The gospel today appears, at first hearing, to be a simple account of another of the miracles of Jesus. As with all of scripture, there is something more to this story just as there is something more to Jesus than his working of miracles. As with all of the New Testament there are echoes here of the Old Testament. ‘The New Testament’, one of my teachers used to tell us, ‘is written in Old Testament ink’. There are prophecies being fulfilled in and by Jesus. One of these prophecies is from the prophet Isaiah. We read it in our first reading. It reads, ‘the ears of the deaf shall be unsealed… and the tongues of the dumb sing for joy’. The psalm has words that have the same sentiment, the same hopes and expectations of the Messiah. Jesus, then is being revealed as the promised one, the Messiah for whom they have been waiting. The people, seeing that he did all things well, and being moved to faith in him, proclaim him everywhere.
As Jesus reached out to the ritually unclean in last Sunday’s gospel, so today he reaches out to the Gentiles. The geography of the story is meant to tell us that Jesus, seeing that his word went unheard and unproclaimed by his own people has resorted to gentile or pagan territory where the people recognise his true identity and proclaim him as the one sent by God. The ministry of Jesus also tells us something of the nature and concerns of God. Those who had first call on the ministry and on the compassion of Jesus were the afflicted, the little ones of the world. Saint James makes the point very clearly to us in the second reading where he teaches that the kingdom belongs to those who share Jesus’ preference for the least and last of this world.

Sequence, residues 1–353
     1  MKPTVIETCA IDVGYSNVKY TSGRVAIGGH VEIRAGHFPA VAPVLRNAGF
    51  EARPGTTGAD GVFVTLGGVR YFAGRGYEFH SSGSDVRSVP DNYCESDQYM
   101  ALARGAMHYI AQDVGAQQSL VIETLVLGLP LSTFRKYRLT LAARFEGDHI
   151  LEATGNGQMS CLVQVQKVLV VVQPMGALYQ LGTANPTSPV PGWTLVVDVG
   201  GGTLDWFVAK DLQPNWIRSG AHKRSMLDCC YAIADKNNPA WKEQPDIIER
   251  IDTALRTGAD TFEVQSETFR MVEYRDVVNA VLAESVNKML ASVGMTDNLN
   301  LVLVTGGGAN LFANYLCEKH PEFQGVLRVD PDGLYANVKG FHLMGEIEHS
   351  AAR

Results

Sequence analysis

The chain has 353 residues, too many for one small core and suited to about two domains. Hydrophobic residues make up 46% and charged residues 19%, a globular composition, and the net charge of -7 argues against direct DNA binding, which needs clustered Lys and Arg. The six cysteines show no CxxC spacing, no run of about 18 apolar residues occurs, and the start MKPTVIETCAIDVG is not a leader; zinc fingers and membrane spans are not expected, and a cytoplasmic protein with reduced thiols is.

By invitation then, Jesus takes the deaf and somewhat dumb man aside, probably to afford him a little dignity, to get him away from the intrusive curiosity of the crowd. He uses the traditional tools of a healer, his hands, the transmitting power of touch and some spittle. He looks prayerfully to heaven and he sighs in a moment of compassion and profound feeling for the man. The admiration of the people who witnessed the healing miracle was unbounded. This is the strongest statement of astonishment in the gospel according to Saint Mark. They said that Jesus had ‘done all things well’. The healing word or command of Jesus, ‘Ephphata’ or, ‘be opened’ is still used in the liturgy of baptism. The priest touches the ears and the lips of the child near the end of the baptismal prayers and prays that the ears of the child may soon be opened to receive God’s word and that his or her tongue may proclaim the faith into which the child has been baptised. At that point in the ceremony I often wonder just how much of the gospel will the child ever hear or how much will the adult that I hope the child will become will proclaim the faith by the witness of its life. I know that no matter how often I hear the scriptures or preach on them there is still more to be heard. I know too the no matter what witness I give or what admiration of Jesus I profess, there is always more to be heard when I listen intently. There is more to be proclaimed and there are more people to be healed by the reconciling words and deeds of Jesus. The challenge today is to listen, to proclaim, to heal and above all, to believe in the Messiah, the one sent to all peoples, the God who comes among us to save us.